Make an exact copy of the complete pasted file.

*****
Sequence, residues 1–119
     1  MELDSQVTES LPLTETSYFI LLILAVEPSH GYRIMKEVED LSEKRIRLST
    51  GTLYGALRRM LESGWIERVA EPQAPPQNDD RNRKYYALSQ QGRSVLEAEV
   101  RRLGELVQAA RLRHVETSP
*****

Sequence, residues 1–119
     1  MELDSQVTES LPLTETSYFI LLILAVEPSH GYRIMKEVED LSEKRIRLST
    51  GTLYGALRRM LESGWIERVA EPQAPPQNDD RNRKYYALSQ QGRSVLEAEV
   101  RRLGELVQAA RLRHVETSP